Gaz de France to convert salt caves into gas store

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The Independent Online

Gaz de France has unveiled a £350m deal to develop salt caverns in the north-west of England to store gas, as the Government grapples with Britain's mounting energy crisis.

Under the deal, signed with the chemical company INEOS, the plans will see the development of a site that could store up to 400 million cubic metres of gas – making it the second biggest in the country, although still only one-seventh the size of the Rough facility under the North Sea.

The UK desperately needs to develop more storage space so that there is fuel available to top up supplies on cold winter days when demand is at its highest.

Production from the North Sea fields is falling, leaving the country increasingly reliant on imports and sparking concerns about a consistent supply being available during peak times. Storage is seen as an important way to ensure a steady supply.

But according to Gaz de France, Britain's storage space amounts to just 4 per cent of annual consumption compared to 24 per cent in France and 19 per cent in Germany.

A recent report suggested demand for gas in the UK could exceed supply by up to 20 per cent by 2015 on the coldest days of the year in a cold winter, although a warming climate would be likely to mitigate this.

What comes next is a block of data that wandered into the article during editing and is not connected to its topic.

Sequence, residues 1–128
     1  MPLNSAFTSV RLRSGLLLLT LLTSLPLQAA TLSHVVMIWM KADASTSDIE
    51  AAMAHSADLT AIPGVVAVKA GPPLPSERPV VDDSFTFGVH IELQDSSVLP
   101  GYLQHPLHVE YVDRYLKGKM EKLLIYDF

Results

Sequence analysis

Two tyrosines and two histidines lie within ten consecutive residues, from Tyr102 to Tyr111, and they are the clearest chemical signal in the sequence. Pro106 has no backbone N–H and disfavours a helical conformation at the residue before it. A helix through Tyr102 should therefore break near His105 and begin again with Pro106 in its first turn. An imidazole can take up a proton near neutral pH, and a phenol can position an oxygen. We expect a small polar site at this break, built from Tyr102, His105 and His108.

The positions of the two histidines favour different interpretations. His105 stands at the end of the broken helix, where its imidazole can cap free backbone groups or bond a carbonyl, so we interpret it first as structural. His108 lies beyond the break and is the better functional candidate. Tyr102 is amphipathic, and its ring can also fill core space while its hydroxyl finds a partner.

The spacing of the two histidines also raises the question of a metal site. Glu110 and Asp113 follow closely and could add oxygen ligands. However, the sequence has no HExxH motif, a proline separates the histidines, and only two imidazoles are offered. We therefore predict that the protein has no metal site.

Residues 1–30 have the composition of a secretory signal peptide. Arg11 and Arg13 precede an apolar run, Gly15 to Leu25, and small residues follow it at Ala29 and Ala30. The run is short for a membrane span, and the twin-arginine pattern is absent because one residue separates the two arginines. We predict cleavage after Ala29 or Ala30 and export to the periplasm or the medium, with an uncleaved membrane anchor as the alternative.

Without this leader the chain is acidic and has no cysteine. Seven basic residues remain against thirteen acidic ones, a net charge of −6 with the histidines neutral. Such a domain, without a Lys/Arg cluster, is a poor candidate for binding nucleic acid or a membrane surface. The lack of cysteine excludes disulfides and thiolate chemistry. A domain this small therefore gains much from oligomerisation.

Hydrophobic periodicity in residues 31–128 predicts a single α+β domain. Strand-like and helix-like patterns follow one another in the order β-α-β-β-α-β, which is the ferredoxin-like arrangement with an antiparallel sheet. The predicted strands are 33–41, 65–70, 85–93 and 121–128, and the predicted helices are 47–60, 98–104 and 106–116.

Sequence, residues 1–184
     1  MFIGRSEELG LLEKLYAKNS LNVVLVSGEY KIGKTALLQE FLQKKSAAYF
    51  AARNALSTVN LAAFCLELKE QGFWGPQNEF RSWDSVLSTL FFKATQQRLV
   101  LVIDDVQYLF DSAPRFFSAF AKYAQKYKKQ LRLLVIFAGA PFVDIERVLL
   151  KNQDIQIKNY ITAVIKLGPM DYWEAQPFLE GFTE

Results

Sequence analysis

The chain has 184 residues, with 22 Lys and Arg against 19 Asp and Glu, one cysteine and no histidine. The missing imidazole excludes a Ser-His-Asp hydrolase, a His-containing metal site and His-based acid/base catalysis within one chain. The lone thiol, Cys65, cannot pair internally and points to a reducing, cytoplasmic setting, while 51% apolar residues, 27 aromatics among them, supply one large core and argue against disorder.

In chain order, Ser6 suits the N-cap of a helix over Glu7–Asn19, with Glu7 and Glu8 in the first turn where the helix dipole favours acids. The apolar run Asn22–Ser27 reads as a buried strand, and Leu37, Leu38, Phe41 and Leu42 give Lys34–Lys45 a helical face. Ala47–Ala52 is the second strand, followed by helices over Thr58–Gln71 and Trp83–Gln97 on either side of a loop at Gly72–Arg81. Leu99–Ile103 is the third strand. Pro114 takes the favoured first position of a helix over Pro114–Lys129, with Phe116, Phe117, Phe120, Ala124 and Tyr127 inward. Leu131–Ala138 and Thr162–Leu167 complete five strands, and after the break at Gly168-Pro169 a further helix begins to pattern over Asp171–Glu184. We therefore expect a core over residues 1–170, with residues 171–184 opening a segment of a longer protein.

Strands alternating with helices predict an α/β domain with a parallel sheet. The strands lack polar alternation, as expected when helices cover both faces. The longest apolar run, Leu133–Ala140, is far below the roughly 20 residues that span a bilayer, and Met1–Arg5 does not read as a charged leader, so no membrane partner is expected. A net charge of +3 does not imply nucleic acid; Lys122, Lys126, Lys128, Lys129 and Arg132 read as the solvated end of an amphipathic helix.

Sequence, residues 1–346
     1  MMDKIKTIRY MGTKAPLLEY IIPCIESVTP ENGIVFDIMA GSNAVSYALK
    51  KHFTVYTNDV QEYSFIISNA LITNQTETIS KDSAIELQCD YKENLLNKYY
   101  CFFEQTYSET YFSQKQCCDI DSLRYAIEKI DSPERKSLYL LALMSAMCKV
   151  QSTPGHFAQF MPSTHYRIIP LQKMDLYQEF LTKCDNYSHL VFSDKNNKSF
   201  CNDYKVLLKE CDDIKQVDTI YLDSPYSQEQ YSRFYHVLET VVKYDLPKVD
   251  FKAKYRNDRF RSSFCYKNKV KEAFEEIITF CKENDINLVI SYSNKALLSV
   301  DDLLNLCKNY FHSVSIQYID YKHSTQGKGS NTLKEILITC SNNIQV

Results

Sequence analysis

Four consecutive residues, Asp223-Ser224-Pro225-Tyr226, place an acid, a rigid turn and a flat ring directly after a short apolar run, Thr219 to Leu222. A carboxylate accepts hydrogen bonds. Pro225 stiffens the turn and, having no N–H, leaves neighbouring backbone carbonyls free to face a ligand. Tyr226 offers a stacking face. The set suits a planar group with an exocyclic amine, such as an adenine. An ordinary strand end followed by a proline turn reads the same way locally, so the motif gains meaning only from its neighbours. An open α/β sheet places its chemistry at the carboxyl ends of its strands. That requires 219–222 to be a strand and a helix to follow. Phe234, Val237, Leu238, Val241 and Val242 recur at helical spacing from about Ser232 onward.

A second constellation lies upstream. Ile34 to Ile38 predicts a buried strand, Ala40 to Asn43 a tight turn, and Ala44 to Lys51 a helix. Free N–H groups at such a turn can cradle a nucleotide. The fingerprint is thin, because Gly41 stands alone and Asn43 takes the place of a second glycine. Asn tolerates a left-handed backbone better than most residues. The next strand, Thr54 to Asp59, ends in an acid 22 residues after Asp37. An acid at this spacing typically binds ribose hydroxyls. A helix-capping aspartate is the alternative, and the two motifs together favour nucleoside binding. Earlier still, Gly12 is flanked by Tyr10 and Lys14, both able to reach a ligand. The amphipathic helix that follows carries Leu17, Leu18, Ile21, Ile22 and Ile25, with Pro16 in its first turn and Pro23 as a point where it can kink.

The space at the project will be created by pumping water down boreholes to dissolve parts of the vast salt deposits in Cheshire. The brine created will then be pumped out to leave space to store the fuel in 28 caverns hundreds of metres below the ground.

Privately owned INEOS will handle the brine extraction, which will be used by the chemical industry for industrial purposes, along the lines of similar facilities operated by Gaz de France in its home country. The latter usually handles all aspects of such projects, although planning permission for the Cheshire facility was secured by INEOS, which wants to retain involvement in the project.

Gaz de France said the UK gas market was forecast to grow at 2 per cent a year, with imports set to increase significantly as the North Sea fields are used up. It said new storage capacity "brings flexibility to manage security of supply".

"Storage is a crucial link in the gas chain. Europe is currently the part of the world that offers the greatest growth potential in this area: average storage capacity has been growing by more than 5 per cent per annum since 1989, as compared with the world average of 1.7 per cent over the same period," it said.

Gaz de France said it wanted to continue growing in Britain, where it will operate the Cheshire facility at Stublach, under a 30-year lease. The UK is currently Europe's largest market for natural gas. The caverns will be fully operational by 2018.

A smaller facility is being constructed nearby at Byley, and it will be ready next year. Several such plans are in the offing, although some have encountered planning difficulties.

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